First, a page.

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The Importance of Fibre

Posted on March 26, 2014 by Ruth Buttigieg | 0 comments

A common health theme covered by health agencies is the importance of dietary fibre in our diet. Whilst this is a good message all around, some individuals still do not manage to meet their daily requirement of an average 18g of dietary fibre a day (as set out by UK guidelines). Yet what is fibre and what does it do?


Fibre, or dietary fibre (also referred to as roughage), are substances that are food within the plant kingdom. Humans are unable to digest dietary fibre as we do not have the necessary enzymes in our gut to break it down to be able to absorb any energy from it. This was the prevailing theory, however new research has shed light on the importance of consuming dietary fibre in one’s diet for a variety of reasons .

 

What is Dietary Fibre?

Dietary fibre is a subdivision of the larger macronutrient group carbohydrates. Examples of dietary Fibre include most green vegetables. Nuts can also be classified as fibre but due to their high protein and fat content are frequently not listed in this food group. Naturally some starches (complex carbohydrates ) do contain a degree of dietary fibre too.

 

Dietary Fibre can be further divided into two groups:


1). Soluble Dietary Fibre - is water soluble and readily fermented in the gut through the action of gut bacteria.

2). Insoluble Dietary Fibre - is insoluble in water. For the most part, insoluble dietary fibre passes intact through our gut, however these can still be fermented by gut bacteria. They also help to provide bulk thereby helping the movement of food through the system [2].


Digestion

 

Simple carbohydrates and starch are digested and absorbed through the same mechanism. Starch is broken down into its simple sugar molecules. These simple carbohydrates are then taken up into the bloodstream causing the blood sugar levels to rise and in turn causing an insulin spike.

The difference in digestion for dietary fibre is that due to its chemical structure, we are unable to digest it into its smaller components for absorption. Hence dietary fibre does not cause a blood sugar and insulin spike. Studies have shown it is able to change the way nutrients and chemicals are absorbed through our gut [2, 3]. Due to our inability to digest dietary fibre into its smaller components for absorption, it does not cause a blood sugar and insulin spike.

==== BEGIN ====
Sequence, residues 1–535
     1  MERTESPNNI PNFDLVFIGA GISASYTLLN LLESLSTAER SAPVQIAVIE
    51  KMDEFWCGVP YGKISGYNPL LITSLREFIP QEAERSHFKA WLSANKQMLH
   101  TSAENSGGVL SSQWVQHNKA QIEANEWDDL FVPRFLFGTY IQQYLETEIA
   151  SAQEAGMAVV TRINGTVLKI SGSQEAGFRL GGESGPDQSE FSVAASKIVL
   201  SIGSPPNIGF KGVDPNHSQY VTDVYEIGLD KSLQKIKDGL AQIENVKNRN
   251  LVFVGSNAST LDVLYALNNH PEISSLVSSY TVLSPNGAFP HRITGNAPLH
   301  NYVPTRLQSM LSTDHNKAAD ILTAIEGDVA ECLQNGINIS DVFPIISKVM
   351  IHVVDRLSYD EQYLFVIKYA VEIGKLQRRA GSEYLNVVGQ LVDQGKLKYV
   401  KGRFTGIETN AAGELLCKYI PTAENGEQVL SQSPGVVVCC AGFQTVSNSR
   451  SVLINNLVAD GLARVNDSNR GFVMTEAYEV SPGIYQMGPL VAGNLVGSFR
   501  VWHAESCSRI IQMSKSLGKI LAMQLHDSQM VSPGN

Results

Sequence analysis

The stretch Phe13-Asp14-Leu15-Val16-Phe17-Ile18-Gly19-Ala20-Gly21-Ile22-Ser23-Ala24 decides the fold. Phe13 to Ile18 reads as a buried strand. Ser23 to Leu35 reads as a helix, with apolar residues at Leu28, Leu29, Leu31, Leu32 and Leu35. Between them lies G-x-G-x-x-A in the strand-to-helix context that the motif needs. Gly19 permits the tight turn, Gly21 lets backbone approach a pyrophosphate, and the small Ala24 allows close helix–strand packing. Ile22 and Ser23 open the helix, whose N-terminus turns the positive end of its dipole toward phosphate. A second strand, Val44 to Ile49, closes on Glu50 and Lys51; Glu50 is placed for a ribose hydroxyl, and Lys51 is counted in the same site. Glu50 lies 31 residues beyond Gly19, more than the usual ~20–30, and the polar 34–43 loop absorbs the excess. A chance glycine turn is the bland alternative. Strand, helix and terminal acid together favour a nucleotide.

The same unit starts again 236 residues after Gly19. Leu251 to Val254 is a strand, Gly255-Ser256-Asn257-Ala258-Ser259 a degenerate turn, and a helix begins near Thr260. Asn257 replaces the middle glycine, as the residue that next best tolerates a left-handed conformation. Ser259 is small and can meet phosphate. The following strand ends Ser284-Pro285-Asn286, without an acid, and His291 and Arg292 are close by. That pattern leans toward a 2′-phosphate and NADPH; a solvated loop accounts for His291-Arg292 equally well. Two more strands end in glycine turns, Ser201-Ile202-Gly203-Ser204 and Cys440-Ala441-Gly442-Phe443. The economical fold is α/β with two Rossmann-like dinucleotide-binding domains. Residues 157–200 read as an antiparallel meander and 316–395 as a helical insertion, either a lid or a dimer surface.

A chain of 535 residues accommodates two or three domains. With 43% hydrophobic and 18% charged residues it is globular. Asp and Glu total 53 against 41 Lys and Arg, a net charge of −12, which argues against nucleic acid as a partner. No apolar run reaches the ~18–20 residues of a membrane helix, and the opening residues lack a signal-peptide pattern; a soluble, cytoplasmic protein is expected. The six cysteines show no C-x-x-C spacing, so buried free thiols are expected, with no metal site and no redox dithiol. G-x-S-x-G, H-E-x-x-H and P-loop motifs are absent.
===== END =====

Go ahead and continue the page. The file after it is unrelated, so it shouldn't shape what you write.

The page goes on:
Contribution to Health

 

Dietary Fibre’s role in our health is often taken for granted. Foods rich in dietary fibre are not only full of other micronutrients such as minerals and vitamins, but are also less energy dense and help with management of conditions such as Type 2 Diabetes [1]. Once digested, dietary fibre interacts with our satiety hormones with studies showing that dietary fibre regularises food cravings by helping us to feel fuller [4]. Studies have also shown that by consuming a diet sufficient in dietary fibre is beneficial for heart health [5].

The Natural Ketosis way of doing things is quite simple. We promote a low-carb, high-protein, moderate-fat diet. Although we are in the same school of thought as Atkins, our approach to diet and lifestyle is different.

On our program we embrace those carbohydrates that are based on dietary fibre rather than simple and/or complex carbohydrates. The difference between these carbohydrates is the way they are digested within the body. By choosing these vegetables and fruits, the essential micronutrient requirements are met whilst ensuring no blood sugar spikes in the process. On our programme you will be consuming sufficient dietary fibre from the fruit, vegetables, seeds and nuts that we recommend.

Therefore the Natural Ketosis way is not only about making the right choices, it is also about keeping healthy long-term.




References:

  1. Manisha Chandalia, M.D., Abhimanyu Garg, M.D., Dieter Lutjohann, Ph.D., Klaus von Bergmann, M.D., Scott M. Grundy, M.D., Ph.D., and Linda J. Brinkley, R.D. (2000) Beneficial Effects of High Dietary Fiber Intake in Patients with Type 2 Diabetes Mellitus. N Engl J Med, 342, p1392-1398

  2. Judith A Marlett, Michael I McBurney, Joanne L Slavin (2002) Position of the American Dietetic Association: Health Implications of Dietary Fiber. Journal of the American Dietetic Association. 102 (7), p993-1000.

  3. R Puupponen-Pimiä, A.-M Aura, K.-M Oksman-Caldentey, P Myllärinen, M Saarela, T Mattila-Sandholm, K Poutanen (2002) Development of functional ingredients for gut health. Trends in Food Science & Technology, 13 (1),  p3-11.

  4. Joanne L. Slavin (2005) Dietary fiber and body weight. Nutrition, 21 (3), p411-418

  5. Threapleton DE ,Greenwood DC ,Evans CEL ,Cleghorn CL ,Nykjaer C ,Woodhead C ,et al. (2013) Dietary fibre intake and risk of cardiovascular disease: systematic review and meta-analysis. BMJ 347:f6879


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